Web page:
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Bob Briggs
MusicWeb International, October 2010

Astor Piazzolla was unique. As Max Miller used to say, “there’ll never be another!” How true this is. Piazzolla was a man alone, possessed, a real trail-blazer. He was also a thoroughly nice chap. I had the great, good, fortune to meet him during his British debut, at the Almeida Festival in June 1985. That year the festival featured Tango and as well as Piazzolla and his New Tango Quintet, Yvar Mikhashoff introduced his International Tango Collection, which consisted of 48 virtuoso piano miniatures. I was there, paging turning for Yvar, and indeed, am the only person alive who was present at that meeting of minds, when Yvar played Conlon Nancarrow’s Tango, a work which to many would have borne no resemblance to the tango whatsoever. Astor listened carefully, and at the end threw his arms in the air exclaiming, “but it eeez tango!” He knew when a composer had broken the bounds of tradition and created something new. And Piazzolla should have known about turning a form on its head and re-inventing it for that is what he did with the tango, in the process inventing what is now known as New Tango.

Piazzolla’s musical pedigree is impressive. He studied with Alberto Ginastera, then in Paris with Nadia Boulanger, and it was she who recognised where his future lay, “She kept asking: ‘You say that you are not pianist. What instrument do you play, then?’ And I didn’t want to tell her that I was a bandoneon player, because I thought, ‘Then she will throw me from the fourth floor.’ Finally, I confessed and she asked me to play some bars of a tango of my own. She suddenly opened her eyes, took my hand and told me: ‘You idiot, that’s Piazzolla!’ And I took all the music I composed, ten years of my life, and sent it to hell in two seconds.” (from Ástor Piazzolla, ‘A Memoir’).

So, not for the first time, Nadia Boulanger sent into the world a major musical figure whose work, like that of Copland before him and so many afterwards, would enrich and delight us. Considering that he toured with a variety of ensembles it’s a wonder that he had the time to create a repertoire for them. Create he did, there’s an astonishing amount of music and much of it has been arranged for various combinations, from solo piano, as here, to string orchestra, soloist with orchestra and so on. If you’ve ever heard Piazzolla and one of his many ensembles playing his music then you’ll never want to hear this music any other way, for they are the very best expositions of the works, played by the people for whom they were created with the master in charge.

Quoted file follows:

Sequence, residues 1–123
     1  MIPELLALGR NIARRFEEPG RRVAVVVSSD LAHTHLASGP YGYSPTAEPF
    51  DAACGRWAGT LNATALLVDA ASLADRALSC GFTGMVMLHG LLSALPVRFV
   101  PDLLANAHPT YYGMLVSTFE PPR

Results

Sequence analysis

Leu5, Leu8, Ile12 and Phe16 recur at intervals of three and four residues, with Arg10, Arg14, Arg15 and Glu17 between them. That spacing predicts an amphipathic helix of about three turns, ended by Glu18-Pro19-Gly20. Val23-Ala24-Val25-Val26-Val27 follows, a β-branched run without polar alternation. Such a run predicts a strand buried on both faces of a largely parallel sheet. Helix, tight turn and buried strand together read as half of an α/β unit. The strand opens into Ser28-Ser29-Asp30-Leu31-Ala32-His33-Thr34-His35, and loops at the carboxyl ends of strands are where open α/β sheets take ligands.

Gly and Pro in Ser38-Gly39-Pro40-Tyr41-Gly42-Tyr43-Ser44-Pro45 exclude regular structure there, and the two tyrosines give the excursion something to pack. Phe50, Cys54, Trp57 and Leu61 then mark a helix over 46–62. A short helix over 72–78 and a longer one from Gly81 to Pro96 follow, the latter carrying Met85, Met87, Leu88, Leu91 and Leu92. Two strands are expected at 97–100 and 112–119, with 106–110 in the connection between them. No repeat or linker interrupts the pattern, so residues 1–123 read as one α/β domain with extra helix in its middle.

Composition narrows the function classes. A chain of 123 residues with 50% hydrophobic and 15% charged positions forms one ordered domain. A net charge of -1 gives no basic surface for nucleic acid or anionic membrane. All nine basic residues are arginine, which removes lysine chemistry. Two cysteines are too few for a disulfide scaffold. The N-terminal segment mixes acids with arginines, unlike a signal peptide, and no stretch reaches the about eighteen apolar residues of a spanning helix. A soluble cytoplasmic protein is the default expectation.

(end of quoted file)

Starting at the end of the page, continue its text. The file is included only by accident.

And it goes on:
These versions for solo piano are very pleasing...this is a good introduction to Piazzolla’s music and with such good sound, and at the price, it’s a bargain! Afterwards, go out and discover the recordings of Astor and his New Tango groups.



David Denton
David's Review Corner, September 2010

Appropriate that the roots of Astor Piazzolla’s symphonic works are also issued this month, but this time in piano arrangements of his most famous tangos. There is the much played Milonga del ángel, Balada para un loco, Adiós Nonino and Resurreción del ángel, together with Las Cuatro Estaciones Porteñas (The Four Seasons in Buenos Aries) that here sounds totally different to the version reviewed above in Desyatnikov’s arrangement. Indeed as we progress through the disc, the Argentinean-born pianist, Aquiles Delle-Vigne, stresses the quiet and laid-back nature of much that Piazzolla composed. He equally reminds us that the tango has sensually slow movements, and far removed from the all-action dance we see on the commercial stage. There is here a feel of improvisation, almost as a jazz pianist doodling on a favourite melody. I say that in praise, for pianists in bars and bordellos would have played while couples smooched their way through this sexual dance. His Milonga del ángel is played with a smooth finesse, yet when needed, as in Adiós Nonino, there is plenty of impact, First released in Belgium on the CNR label in 1993, I cannot recall a widespread distribution. Now living in that country, Delle-Vigne was taught by the great virtuoso, Gyorgy Cziffra, though he was a disciple of Claudio Arrau, and it is that latter influence you feel right through the disc. The piano, as recorded, does take us in that direction of the dance hall, but the sound is clean and perfectly delineated.






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